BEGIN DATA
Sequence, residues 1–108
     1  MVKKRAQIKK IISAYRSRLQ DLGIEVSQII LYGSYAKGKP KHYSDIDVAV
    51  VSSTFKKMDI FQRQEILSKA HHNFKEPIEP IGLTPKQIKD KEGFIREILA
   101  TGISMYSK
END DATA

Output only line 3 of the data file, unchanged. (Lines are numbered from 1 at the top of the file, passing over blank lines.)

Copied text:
    51  VSSTFKKMDI FQRQEILSKA HHNFKEPIEP IGLTPKQIKD KEGFIREILA